When exploring the lives of military heroes, one often finds their battlefield achievements bordering on the super-human. No way could mere mortals face such overwhelming odds and live to tell about them with a sense of humility and grace, saying that they merely did their jobs, which further grips us in awe of them.
Take Charles E. Kelly for example. Born into poverty in 1920 in Pittsburgh, Pennsylvania, as one of eight brothers, he enlisted in May, 1942, and found himself looking through bars of a stockade twice for going AWOL. Later he admitted he just needed time alone and never considered the consequences of his infractions. Hardly a promising start to his superiors.
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MikePerry2 or...could have been more...
I am sad to hear how Commando Kelly passed, yet I know he wanted it that way. If he only knew, how many of us admire his spirit and bravery. He is a heroic legend. RIP.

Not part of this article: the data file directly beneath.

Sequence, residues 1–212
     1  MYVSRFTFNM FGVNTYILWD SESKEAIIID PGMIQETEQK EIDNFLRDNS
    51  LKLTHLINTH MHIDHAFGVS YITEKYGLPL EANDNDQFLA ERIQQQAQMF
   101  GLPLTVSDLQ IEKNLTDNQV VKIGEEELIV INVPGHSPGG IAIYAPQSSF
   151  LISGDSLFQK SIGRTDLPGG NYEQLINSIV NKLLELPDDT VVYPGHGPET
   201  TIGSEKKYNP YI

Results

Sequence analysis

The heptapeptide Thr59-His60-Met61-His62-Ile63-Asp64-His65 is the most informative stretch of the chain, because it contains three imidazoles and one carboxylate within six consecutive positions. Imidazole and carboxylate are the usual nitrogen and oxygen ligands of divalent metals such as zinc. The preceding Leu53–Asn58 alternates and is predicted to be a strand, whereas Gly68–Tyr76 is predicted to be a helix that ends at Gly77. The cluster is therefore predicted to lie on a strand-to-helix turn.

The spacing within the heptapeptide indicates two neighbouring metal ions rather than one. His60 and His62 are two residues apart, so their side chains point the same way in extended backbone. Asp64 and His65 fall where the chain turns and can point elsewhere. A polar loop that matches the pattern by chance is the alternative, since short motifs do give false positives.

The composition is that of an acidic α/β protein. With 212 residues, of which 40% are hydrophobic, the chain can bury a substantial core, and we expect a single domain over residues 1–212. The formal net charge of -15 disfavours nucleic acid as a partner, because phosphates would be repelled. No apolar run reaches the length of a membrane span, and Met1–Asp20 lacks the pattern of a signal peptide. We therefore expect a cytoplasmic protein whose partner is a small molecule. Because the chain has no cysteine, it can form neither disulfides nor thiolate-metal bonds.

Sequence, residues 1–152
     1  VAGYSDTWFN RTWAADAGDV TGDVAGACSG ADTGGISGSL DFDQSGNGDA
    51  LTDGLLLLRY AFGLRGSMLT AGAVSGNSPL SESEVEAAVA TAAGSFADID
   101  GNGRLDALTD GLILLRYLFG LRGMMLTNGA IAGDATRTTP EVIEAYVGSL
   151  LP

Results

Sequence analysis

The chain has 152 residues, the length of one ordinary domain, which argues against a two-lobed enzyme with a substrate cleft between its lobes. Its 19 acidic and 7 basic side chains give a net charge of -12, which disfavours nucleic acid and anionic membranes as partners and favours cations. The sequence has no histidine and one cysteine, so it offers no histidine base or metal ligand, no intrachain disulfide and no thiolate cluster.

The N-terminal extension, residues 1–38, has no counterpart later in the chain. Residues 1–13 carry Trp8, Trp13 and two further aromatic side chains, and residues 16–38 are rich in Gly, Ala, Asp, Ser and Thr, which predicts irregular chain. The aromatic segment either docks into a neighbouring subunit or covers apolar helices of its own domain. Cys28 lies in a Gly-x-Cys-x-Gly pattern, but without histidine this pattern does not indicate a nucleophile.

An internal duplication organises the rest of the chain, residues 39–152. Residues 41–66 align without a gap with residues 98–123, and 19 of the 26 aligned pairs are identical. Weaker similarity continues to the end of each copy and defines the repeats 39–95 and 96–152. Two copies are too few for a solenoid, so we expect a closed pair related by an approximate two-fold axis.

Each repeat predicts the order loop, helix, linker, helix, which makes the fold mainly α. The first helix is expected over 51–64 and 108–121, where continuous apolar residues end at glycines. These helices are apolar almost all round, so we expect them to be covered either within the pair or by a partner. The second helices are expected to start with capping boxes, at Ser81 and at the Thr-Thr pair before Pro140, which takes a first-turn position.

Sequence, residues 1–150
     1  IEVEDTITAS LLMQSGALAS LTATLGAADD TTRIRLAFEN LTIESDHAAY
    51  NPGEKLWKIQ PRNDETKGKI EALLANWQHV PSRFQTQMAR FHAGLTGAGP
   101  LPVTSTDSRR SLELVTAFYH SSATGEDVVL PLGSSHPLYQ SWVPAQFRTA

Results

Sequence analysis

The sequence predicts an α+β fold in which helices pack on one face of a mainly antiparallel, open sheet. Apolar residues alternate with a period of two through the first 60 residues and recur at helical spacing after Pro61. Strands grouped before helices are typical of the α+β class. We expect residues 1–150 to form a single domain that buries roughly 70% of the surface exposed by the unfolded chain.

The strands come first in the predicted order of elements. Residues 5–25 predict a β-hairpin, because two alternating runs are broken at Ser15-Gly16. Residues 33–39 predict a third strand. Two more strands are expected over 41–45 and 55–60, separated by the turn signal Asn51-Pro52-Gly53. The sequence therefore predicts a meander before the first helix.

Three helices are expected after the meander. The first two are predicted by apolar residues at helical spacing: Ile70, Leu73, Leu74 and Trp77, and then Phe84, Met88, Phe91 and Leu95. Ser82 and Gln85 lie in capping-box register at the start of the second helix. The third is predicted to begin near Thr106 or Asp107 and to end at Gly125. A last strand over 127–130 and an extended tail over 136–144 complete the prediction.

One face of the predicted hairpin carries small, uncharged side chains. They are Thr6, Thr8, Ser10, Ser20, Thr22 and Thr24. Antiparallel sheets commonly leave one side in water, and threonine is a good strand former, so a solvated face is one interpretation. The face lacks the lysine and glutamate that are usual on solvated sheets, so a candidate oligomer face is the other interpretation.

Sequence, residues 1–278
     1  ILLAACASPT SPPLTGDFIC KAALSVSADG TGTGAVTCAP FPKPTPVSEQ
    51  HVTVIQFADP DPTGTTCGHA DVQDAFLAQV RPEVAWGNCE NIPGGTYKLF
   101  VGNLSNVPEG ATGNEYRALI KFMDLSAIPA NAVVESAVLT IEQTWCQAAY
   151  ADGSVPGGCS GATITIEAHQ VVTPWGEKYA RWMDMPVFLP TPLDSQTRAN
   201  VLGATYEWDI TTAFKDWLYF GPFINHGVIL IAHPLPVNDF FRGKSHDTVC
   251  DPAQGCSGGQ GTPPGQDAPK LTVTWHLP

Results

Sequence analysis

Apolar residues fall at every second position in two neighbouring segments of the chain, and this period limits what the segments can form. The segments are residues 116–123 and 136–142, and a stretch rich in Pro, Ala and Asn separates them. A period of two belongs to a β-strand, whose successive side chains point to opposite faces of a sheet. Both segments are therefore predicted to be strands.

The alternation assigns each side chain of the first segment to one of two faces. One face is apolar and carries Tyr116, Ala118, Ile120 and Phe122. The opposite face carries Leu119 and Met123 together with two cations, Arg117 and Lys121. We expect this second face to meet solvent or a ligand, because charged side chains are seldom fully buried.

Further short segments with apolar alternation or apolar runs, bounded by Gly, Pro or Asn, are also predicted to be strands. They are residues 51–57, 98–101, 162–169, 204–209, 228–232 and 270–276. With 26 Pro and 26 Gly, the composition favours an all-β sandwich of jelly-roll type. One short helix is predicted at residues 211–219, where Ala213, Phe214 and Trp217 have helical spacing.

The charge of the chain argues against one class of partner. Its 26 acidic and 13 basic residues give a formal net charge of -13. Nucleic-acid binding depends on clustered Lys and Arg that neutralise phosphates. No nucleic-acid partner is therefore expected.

That story should have started with: "Y'all ain't gonna believe dis shit..." 11B's fucking rock...
@seancul55 @Recon6 Sean, FWIW I took your statement at face value and not as flippant. As you are most likely aware, many here are a bit raw with some of the nastiness surrounding Chief Kyle's death. I'm glad you are enjoying Mike's Sunday History stories as do I. Mike has a knack of reminding me of how little I know about the individuals who fought for us vs. battles and Generals and strategies. I really look forward to these stories.
@Recon6 @seancul55 Flippant??? I was on my iphone and it's a bitch typing long messages. I was being dead ass, short, sweet, and to the point. I've legitimately never heard of Commando Kelly before, so I said thanks for the intro. I have no reason to be a wise ass...